[00:10:28] Dr. Barr: Well, that's, that's part of why, um, the kind of therapy we did together, uh, is called Cognitive Behavioral Therapy. And, um, it is designed to try to give you a set of tools. There are certain, uh, tools that you need in your toolkit to be able to defeat anxiety. Uh, because, um, anxiety is, it's a very complex disorder and once it starts, it takes on a life of its own.
And so, uh, I, I have many, many people who have tried various other therapies before they get to me and they are, they are, have benefited from the therapy. It's not that the therapy was bad. It was good therapy in many cases, and they learned a lot about themselves, and they benefited greatly from it. Uh, but most of the benefit they get from that therapy...
comes after they've conquered their anxiety, then they know all of this other stuff about themselves. It's like you said, it's wonderful for growth and for knowing yourself and for being informed and having an examined life. Yeah. That's, that's wonderful and it has great benefits for you. But the problem is, is anxiety is encapsulated and it just runs on its own course and talk therapy often does not touch it at all.
Yes. So, and now, what kind of talk therapy are we talking about? Well, there's all kinds of talk therapies. There's, uh, client centered. Uh, therapy, there's psychodynamic therapy, there's interpersonal therapy, um, you know, all kinds of different theories within the psychoanalysis group, um, uh, of course, there's couples therapy and there's family therapy if you're having, you know, your whole family needs to be in there.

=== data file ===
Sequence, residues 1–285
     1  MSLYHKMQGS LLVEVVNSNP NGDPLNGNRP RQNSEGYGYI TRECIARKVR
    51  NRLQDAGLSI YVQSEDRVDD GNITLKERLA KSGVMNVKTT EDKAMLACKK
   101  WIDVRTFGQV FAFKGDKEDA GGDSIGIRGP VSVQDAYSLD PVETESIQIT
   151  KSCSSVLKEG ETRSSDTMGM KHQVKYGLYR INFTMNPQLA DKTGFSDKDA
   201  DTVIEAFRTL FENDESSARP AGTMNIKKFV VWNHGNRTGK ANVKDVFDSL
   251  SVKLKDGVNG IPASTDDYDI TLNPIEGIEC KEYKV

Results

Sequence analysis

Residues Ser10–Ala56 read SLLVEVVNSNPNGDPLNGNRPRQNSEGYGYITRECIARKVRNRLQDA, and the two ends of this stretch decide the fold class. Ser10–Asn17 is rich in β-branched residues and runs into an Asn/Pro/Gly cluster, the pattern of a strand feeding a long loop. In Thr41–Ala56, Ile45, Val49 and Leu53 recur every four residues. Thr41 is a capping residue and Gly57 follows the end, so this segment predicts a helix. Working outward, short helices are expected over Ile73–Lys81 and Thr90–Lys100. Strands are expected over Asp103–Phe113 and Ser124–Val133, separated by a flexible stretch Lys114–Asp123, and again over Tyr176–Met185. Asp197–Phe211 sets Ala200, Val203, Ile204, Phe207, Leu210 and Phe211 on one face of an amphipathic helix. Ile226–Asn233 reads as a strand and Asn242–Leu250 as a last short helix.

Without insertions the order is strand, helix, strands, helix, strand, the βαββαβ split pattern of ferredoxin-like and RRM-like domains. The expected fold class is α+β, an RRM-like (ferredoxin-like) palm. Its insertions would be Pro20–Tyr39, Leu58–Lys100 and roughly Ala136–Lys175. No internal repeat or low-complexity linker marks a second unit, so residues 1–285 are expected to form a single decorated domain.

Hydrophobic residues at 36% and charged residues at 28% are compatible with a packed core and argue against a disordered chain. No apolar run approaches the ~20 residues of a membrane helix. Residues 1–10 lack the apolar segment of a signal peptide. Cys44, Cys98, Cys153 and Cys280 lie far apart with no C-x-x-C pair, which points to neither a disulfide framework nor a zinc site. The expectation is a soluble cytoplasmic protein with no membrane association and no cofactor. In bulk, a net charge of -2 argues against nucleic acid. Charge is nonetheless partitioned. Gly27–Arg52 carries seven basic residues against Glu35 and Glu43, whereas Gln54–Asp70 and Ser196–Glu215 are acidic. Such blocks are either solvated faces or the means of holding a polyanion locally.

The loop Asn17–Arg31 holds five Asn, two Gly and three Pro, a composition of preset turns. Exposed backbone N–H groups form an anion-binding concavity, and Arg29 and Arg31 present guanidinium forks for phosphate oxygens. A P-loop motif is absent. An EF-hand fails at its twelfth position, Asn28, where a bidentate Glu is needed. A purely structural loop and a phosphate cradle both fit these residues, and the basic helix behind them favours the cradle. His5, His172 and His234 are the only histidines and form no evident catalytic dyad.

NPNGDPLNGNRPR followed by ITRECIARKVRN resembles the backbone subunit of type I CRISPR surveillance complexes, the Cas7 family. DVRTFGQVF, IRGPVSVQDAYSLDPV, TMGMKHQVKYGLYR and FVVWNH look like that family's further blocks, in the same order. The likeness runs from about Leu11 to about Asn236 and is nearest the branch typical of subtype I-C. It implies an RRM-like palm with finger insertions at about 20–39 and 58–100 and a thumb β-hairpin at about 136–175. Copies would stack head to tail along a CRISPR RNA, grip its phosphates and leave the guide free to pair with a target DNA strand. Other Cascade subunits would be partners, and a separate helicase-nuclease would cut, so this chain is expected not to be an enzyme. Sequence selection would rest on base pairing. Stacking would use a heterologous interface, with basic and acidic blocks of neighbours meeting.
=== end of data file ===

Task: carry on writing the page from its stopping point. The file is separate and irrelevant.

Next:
So there's all kinds of, of, uh, traditional talk therapies and they can all be very good. Um, the, the one thing that our research shows over time is that, uh, All forms of therapy can be helpful, uh, as long as you're, you're trying to aim at the right place. Um, and so we're trying to aim at the right place by doing the cognitive behavioral therapy.
And, um, along with that, we do the breathing retraining. We do the relaxation training. Um, we, you know, one of the, the buzzwords in psychology now is mindfulness.
[00:13:08] Erica: Yes, I was just gonna ask you about mindfulness. It is a buzzword. Yes, I'm hearing that everywhere.
[00:13:14] Dr. Barr: That's right. Uh, it's a very popular term and it's a very useful, uh, construct, uh, a useful thing to learn how to do.
And it, it comes more out of our, the Eastern kind of thinking, maybe out of a Buddhist kind of thinking of, uh, Watching rather than than grabbing a hold of and so you, it's, uh, just very briefly and this doesn't do it justice, but to give our listeners a flavor, it would be like, um, I'm standing on the bank of a river and.
I feel compelled to pull everything out of the river that comes down the river. You know, so if there's a branch that comes down the river, I must grab a hold of that branch and haul it out of the river. Um, and no matter what it is that comes down the river, I have to hang on to it and see if I can't get it out of the river.